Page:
The work was initially serialised in the Cairo daily newspaper al-Ahram, but the uproar it eventually caused among Egypt's Muslim clerics led Mahfouz to decide (so he once told me) not to republish it in book form, since he did not "wish to upset people". Several years after this conversation, and following its initial translation into English, the text did appear briefly in Arabic in Cairo bookshops; though it should be noted that this major work of Mahfouz has since then not been available for purchase in Egypt.
When I later reminded him of our conversation on the subject, Mahfouz roared with laughter, as he often did when gaining time to respond to a difficult question, before insisting that the Lebanese publisher had not paid him any royalty nor sought his permission for book publication. Yet it was this work that most convinced the committee to award him the Nobel prize for literature, in 1988; it too was the stated justification for the assassination attempt made against him in 1994 following a public condemnation of him for apostasy issued by the blind Sheikh Omar Abdel Rahman.
His novels published in the 1960s revealing the malaise of Egypt's intellectual classes under the Nasser dictatorship are arguably his most polished works. By then Mahfouz had honed his skills and was writing with economy, subtlety and precision; he was one of the first to employ the "stream of consciousness" technique in Arabic. He was at his best when developing the psychology of his characters; his al-Karnak depicting the terrors of the machinery of the police state instituted in the last years of the Nasser period is a work reminiscent of George Orwell's Nineteen Eighty-Four. At the same time, Mahfouz at his worst could not resist boring and predictable political commentary disguised in allegorical form; his Amama al-'Arsh (Before the Throne) and Rihlat Ibn Fattuma (The Journey of Ibn Fattuma) are, for example, of scant interest.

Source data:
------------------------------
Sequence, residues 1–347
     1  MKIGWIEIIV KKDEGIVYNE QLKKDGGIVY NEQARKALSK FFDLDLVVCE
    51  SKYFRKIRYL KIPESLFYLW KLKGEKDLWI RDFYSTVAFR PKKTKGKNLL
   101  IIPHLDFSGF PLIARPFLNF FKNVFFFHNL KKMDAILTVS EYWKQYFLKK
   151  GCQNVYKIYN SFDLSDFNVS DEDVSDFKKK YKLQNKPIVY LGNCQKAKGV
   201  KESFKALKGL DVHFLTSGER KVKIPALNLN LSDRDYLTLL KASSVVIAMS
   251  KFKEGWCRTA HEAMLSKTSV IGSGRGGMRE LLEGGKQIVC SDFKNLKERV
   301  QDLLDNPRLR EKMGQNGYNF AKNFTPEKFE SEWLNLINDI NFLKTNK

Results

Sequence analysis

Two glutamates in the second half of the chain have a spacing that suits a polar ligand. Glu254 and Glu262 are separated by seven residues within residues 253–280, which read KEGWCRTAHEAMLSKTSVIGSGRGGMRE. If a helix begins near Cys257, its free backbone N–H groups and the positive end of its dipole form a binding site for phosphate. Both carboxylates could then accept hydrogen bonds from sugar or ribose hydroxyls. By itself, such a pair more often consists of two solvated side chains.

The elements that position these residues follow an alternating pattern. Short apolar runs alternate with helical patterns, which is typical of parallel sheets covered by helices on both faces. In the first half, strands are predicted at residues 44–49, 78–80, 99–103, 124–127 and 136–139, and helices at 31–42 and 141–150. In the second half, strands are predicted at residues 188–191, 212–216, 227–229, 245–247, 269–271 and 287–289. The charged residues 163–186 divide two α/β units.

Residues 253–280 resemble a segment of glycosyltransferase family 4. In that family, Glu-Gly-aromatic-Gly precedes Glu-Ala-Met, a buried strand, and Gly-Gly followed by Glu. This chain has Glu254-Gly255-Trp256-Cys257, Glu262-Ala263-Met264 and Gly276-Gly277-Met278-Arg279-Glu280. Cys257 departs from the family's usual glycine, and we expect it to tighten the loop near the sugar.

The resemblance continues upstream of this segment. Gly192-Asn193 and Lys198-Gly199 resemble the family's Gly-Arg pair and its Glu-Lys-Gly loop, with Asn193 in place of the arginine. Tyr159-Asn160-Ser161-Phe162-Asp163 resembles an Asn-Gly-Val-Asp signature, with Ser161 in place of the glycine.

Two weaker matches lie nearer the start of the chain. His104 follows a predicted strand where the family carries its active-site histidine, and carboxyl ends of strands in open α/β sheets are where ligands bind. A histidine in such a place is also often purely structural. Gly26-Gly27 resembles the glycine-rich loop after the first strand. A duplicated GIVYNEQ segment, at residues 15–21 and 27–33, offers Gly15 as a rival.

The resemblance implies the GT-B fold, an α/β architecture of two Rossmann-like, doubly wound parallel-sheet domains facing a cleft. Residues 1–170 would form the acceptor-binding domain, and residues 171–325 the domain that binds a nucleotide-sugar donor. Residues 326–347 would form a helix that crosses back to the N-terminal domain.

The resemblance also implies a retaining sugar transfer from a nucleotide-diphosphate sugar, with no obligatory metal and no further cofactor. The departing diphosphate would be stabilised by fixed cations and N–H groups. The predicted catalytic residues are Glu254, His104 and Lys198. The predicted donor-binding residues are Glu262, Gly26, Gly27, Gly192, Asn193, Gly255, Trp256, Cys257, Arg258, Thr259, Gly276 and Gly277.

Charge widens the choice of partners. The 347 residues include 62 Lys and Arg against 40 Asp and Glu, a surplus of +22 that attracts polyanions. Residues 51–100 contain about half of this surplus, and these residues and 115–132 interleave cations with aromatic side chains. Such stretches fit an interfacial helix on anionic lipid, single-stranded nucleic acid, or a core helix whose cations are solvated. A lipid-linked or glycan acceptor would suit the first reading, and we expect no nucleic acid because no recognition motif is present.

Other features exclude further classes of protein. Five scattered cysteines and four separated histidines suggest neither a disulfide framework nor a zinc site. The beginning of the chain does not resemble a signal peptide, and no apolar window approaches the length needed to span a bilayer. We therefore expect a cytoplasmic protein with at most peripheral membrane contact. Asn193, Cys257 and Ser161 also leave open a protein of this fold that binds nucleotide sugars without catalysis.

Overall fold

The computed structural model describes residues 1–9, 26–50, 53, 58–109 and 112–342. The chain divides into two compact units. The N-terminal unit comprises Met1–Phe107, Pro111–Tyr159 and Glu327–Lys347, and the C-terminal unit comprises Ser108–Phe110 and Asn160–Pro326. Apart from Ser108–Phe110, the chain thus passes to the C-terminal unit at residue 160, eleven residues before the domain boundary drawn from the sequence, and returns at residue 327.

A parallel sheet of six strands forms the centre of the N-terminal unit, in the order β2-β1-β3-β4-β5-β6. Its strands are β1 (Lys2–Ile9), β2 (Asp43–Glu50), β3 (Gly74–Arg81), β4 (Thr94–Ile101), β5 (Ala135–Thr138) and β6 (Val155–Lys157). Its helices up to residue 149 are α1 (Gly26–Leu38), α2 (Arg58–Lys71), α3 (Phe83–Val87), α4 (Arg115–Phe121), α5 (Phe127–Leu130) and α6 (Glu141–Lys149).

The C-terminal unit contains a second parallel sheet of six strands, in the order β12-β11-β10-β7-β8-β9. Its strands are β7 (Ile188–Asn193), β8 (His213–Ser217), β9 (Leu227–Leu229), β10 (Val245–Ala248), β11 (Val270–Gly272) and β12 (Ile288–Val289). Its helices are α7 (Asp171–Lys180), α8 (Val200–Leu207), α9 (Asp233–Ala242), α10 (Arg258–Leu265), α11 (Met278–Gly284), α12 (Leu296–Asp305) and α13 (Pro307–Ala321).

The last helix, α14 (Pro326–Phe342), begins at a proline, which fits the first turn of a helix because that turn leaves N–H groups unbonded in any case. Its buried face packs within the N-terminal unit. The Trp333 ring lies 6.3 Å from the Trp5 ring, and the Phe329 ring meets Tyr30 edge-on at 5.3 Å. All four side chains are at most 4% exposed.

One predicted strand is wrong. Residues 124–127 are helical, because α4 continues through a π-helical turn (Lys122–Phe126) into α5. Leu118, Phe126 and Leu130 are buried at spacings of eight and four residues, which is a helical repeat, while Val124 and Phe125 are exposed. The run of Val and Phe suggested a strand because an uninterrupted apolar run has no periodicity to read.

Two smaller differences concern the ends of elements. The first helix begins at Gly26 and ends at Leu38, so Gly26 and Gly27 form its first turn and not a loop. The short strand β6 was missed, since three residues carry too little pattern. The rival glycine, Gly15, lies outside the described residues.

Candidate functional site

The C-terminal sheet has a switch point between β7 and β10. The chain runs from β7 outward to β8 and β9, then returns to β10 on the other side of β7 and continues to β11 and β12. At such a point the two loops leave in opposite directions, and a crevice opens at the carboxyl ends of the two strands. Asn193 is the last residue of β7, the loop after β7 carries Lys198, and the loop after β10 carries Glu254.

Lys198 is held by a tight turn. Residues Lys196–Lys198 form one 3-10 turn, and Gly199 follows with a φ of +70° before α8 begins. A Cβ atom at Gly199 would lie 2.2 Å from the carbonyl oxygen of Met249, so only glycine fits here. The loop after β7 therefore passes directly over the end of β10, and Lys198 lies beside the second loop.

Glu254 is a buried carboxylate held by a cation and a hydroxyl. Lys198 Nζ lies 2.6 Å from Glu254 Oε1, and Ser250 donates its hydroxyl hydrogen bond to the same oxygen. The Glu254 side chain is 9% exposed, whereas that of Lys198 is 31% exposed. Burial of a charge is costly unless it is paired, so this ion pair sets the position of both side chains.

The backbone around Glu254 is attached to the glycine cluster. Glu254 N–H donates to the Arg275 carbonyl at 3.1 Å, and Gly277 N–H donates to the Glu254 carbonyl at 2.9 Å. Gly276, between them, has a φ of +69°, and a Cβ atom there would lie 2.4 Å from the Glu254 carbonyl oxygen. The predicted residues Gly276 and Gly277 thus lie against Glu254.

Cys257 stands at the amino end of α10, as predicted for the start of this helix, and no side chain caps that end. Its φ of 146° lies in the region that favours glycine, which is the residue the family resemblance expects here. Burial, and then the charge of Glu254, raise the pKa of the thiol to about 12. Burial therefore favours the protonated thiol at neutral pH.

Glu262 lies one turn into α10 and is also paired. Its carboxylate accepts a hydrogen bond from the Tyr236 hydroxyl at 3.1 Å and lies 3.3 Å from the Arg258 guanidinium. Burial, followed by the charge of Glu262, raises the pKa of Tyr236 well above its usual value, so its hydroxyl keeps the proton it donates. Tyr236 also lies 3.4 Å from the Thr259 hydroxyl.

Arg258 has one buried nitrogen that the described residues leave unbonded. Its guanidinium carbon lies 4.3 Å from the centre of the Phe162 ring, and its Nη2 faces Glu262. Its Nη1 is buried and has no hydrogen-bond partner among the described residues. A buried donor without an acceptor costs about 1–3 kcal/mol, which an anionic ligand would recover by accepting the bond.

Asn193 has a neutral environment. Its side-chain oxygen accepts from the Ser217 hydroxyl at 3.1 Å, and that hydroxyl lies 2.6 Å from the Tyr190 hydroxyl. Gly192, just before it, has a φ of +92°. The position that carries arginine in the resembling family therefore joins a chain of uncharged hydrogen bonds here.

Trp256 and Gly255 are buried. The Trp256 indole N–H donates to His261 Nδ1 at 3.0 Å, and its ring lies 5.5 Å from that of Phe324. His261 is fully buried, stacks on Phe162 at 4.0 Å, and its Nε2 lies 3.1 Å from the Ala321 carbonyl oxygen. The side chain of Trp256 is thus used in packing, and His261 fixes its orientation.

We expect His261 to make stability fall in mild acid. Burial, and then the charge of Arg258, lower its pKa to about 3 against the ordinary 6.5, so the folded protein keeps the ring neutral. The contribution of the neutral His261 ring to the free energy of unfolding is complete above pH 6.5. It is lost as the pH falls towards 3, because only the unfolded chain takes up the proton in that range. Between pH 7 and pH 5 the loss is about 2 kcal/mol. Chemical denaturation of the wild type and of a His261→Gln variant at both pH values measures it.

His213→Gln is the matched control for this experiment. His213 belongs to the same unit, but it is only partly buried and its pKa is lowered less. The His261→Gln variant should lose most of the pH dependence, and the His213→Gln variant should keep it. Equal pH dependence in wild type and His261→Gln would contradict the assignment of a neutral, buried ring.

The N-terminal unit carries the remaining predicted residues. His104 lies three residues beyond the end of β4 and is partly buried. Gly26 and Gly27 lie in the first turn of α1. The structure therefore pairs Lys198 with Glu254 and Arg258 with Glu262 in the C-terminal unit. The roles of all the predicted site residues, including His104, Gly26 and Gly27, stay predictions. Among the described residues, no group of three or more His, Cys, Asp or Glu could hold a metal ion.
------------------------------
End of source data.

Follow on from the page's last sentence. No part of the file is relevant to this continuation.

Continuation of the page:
Mahfouz read very broadly in international literature and experimented with writing plays and short stories but received only minor praise and attention for these often difficult and enigmatic works. He will be remembered as a man of great intellectual ambition, courage, and dedication; he openly supported the concept of a shared heritage with the peoples of the Mediterranean basin due to which Jews and Arabs could, in his view, live in conciliation and mutual respect once the Palestinians were granted a just settlement.
A family man with a devoted wife and two talented, well-educated daughters, Naguib Mahfouz embodied rational and liberal values which he maintained consistently, even into our current age of polarisation and intercommunal violence. Gregarious and open-minded, a man who inspired affection as well as admiration, he will be sorely missed from the Egyptian and world stages.